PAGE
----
A hot job market where unemployment dropped to about 3.8% in May, close to an 18-year low, means there are more jobs than people looking for work for only the second month in the last 20 years, USA Today reports, citing U.S. Labor Department data.
There is no formal tracking of ghosting job prospects, but many employers say that anywhere from 20% to 50% of applicants and workers suddenly disappear after going through the entire vetting process and landing the job. Getting burned in this manner has forced human resources departments to reevaluate their hiring practices.
"You're seeing job candidates with more options," says Dawn Fay. She is the district president of staffing firm, Robert Half, for the New York City area. "It's definitely influencing their behavior."
Ghosting has always been more commonplace in lower-paying professions, including in construction, manufacturing and truck driving, says Alex Riley, president of Detroit-based staffing firm, Merit Hall. But now he is hearing that up to 20% of white-collar workers in those professions are turning into ghosts.
Fay notes that some employers, who in the recent past have had the luxury of a wide pool of hungry candidates, and who often blew them off by never following up, are now getting blown off.
Many firms never got back to job candidates who interviewed during the Great Recession from 2007 to 2009 when unemployment soared to 10%. "Candidates were very frustrated because they felt employers were ghosting on them," Fay says.
At El Dorado Hills, CA-based Carports & More, almost half of the 65 recruits who were set for interviews never showed up last month. That compares with about 10% who typically blow off interviews, says owner Jacob Azavedo. His 27-staff firm contracts out the building of garages, storage sheds, canopies and other structures.
"It can be very stressful," Azavedo says. "We're shorthanded. We're missing more calls" and sales.
The rise in ghosting has led Minneapolis-based JFuerst Real Estate Photography to change up their interview strategy. Instead of one-on-one interviews, CEO Johnny Fuerst says they invite up to 30 recruits to the initial interview.
"I was trying to mitigate my wasted time," Fuerst says. If half of the 30 don't show up, it won't matter, and having this many recruits interviewing all at the same time increases the competitive nature of the candidates and the value of the job, he adds.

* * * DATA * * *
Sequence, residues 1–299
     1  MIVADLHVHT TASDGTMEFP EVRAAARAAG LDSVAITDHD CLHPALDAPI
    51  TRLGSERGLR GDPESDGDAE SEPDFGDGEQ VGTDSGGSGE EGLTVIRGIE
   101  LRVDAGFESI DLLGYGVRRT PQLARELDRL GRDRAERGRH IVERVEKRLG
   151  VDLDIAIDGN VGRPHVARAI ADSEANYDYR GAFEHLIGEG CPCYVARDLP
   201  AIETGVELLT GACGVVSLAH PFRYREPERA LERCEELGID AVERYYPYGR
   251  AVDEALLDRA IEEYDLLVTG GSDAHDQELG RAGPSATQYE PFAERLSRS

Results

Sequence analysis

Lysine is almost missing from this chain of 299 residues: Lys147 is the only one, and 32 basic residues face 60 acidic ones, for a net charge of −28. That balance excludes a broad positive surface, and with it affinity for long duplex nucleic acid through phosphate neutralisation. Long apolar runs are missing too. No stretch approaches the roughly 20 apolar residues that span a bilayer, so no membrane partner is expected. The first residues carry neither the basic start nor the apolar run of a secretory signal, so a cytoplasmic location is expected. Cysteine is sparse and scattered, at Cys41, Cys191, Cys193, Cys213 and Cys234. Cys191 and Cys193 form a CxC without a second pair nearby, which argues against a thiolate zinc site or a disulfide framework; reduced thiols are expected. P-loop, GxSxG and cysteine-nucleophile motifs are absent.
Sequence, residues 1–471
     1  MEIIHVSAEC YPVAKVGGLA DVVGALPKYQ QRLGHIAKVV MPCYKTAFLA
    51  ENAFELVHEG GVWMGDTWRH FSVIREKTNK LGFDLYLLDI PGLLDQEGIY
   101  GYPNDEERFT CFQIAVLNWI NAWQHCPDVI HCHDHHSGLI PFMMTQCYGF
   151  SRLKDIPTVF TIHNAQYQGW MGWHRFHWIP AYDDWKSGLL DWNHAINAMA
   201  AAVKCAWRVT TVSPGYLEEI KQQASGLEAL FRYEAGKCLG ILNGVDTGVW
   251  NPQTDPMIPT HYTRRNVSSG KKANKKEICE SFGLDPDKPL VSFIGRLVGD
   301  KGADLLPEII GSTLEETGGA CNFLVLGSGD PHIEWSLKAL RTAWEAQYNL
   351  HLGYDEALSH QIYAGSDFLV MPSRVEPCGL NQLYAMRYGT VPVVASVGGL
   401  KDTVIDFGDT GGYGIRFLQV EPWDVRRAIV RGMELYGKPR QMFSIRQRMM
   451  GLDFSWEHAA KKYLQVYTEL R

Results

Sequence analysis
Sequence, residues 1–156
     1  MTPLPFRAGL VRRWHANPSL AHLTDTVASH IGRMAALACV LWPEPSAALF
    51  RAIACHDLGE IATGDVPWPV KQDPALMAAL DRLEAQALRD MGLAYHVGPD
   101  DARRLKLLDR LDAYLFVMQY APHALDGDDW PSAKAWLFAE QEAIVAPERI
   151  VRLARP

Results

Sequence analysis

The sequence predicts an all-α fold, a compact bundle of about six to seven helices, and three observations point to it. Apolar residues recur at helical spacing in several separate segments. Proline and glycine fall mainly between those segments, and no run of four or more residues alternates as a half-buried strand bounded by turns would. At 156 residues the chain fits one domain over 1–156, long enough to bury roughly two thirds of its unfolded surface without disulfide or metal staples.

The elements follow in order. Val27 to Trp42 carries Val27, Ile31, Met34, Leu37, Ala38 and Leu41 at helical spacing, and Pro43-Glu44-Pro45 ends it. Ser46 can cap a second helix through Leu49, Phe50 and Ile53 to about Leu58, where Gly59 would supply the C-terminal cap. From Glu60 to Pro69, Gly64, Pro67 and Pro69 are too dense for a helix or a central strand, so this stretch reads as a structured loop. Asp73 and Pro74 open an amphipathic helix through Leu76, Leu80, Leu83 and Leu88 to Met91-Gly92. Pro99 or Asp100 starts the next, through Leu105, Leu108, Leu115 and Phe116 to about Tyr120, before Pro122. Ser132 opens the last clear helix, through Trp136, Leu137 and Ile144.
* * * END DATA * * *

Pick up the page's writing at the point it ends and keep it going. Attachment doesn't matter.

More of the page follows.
Kent Gregoire, president at VoiceNation, requires that the newly hired candidates begin work three day after getting the offer instead of two weeks. "If you don't bring them in immediately, they're still an open agent," he says.
The rise in ghosting is a real test for recruiters, LinkedIn reports. "If you don't love your job [as a recruiter], you'll beat your head on your desk," says John Widgren, a recruiter for Orlando, FL-based Central Florida Health.
Amanda Bradford, CEO of The League, a dating app, has had engineering recruits ghost her firm. For a younger generation of job seekers, the term has "almost become a new vocabulary," she notes.
Where ghosting is most commonly tied to dating, "that same behavior is happening in the job market," Bradford says. Robert Half's Fay tells LinkedIn that ghosting does not always mean the recruits are intentionally trying to make life difficult for employers.
"Candidates are winding up with multiple offers, and you can't accept them all," Fay says. "Individuals just inherently don't like conflict or disappointing people."
Gene Marks says smaller employers such as himself are partially responsible for the ghosting trend. Marks, who's Marks Group PC focuses on technology and financial management services to small- and mid-sized businesses, writes for The Guardian that employers need to shoulder some blame.
"So when I hear that small business owners are struggling to find good people, I know why," Marks writes. "The fact is that employers, particularly smaller employers like me, just aren't paying enough. Maybe we should accept lower profits in the short-term to invest in people that will help us build a more profitable business for the longer-term."